"'An economic 9/11,' warned Terry Connelly, dean of Golden Gate University's Ageno School of Business, of the potential fallout. As the ]bailout] package went down, panicked investors caused the Dow Jones industrials to nosedive nearly 780 points in their largest one-day point drop ever." Deseret News, 9/30/08 (Photo by Robert Caplin for the Wall Street Journal.)
As the Pillars of American Financial Empire begin to crumble, politicians promise salvation but end up in childish bickering and finger pointing which sends Wall Street plunging and Main Street panicking about the future. Everyone blames the greed and excess of corporate America; and people rightfully begin to ask: “How was this allowed to happen?” Historically, in times of crisis, when crime runs rampant and order turns to chaos, the most often asked question is “Where were the police?”
So where were the police, the regulators, and the prosecutors in the days, weeks and even years leading up to this catastrophe? The answer is: doing our jobs.
Years before most of America learned of the predatory lending practices of some national mortgage companies specializing in high-risk, “sub-prime” loans, I, and most other attorneys general, sued the largest of such companies for fraudulent and deceptive trade practices, and obtaining close to a billion dollars in fines from mortgage giants Household Finance Corporation, Household Realty Corp., Beneficial Finance Corp. and Ameriquest Mortgage! In announcing our settlement agreement with Ameriquest I said, "In the face of serious and widespread allegations of unfair and deceptive practices, Ameriquest has agreed to take important steps to protect future borrowers. It's also important that Ameriquest is paying a substantial amount of money to help provide restitution to past customers." For more information about these actions, click on these links:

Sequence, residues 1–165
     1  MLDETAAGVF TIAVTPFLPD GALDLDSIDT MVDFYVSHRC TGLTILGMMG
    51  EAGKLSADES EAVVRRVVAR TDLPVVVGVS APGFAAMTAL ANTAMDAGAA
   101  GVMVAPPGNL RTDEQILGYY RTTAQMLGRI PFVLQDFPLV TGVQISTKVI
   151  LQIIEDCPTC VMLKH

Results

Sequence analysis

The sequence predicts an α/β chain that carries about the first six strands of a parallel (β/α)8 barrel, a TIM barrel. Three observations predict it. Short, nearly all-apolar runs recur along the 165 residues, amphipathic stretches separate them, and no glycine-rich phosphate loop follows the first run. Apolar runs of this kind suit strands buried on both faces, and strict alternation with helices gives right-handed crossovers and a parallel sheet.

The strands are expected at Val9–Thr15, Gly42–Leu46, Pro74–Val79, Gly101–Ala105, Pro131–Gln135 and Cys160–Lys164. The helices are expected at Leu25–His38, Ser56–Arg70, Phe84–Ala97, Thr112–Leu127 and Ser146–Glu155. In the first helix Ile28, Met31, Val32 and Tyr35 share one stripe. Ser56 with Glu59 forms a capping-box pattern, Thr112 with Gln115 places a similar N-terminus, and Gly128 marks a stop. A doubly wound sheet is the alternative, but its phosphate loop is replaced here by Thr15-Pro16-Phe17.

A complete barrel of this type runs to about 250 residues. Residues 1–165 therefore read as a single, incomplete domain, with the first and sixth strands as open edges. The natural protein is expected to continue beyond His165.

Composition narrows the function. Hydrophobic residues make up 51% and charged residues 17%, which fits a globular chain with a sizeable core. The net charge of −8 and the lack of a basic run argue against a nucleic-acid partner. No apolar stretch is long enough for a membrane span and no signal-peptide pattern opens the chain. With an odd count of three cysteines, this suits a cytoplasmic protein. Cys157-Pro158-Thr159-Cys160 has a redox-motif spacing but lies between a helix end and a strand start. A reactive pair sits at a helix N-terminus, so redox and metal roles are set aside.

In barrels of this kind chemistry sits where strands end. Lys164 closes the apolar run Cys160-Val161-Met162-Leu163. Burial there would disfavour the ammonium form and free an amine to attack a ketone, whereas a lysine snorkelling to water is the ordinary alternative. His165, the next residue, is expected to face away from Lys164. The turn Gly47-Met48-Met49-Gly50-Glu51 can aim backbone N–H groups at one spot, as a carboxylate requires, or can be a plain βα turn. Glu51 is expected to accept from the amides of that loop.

Unfortunately, other companies failed to learn from the mistakes and misdeeds of these companies, and did not make the changes we imposed on them and ultimately it led to the collapse of the entire sub-prime market and the resulting mortgage crisis . That in turn fueled this larger financial crisis because of the concomitant losses to Wall Street firms dealing heavily in mortgage backed securities and the insurance companies that insured them. Obviously more can, and must be done!
White-collar crimes, which include fraud, bankruptcy fraud, bribery, insider trading, embezzlement, computer crime, medical crime, public corruption, identity theft, environmental crime, pension fund crime, RICO crimes, consumer fraud, occupational crime, securities fraud, financial fraud, and forgery, cost the United States more than $300 billion annually.
In an article in The Christian Science Monitor, staff writer Alexandra Marks reported that federal prosecutions for US white-collar crime dropped some 28 percent, as homeland security cases rose in priority. Quoting J. Boyd Page, senior partner at Page Perry LLC in Atlanta, she wrote, "people can steal a much greater amount of money with a pen than they can with a gun... If we don't take a stand to say, 'Look, this is wrong' ... then we turn our head, and it results in a lot of people thinking it's OK."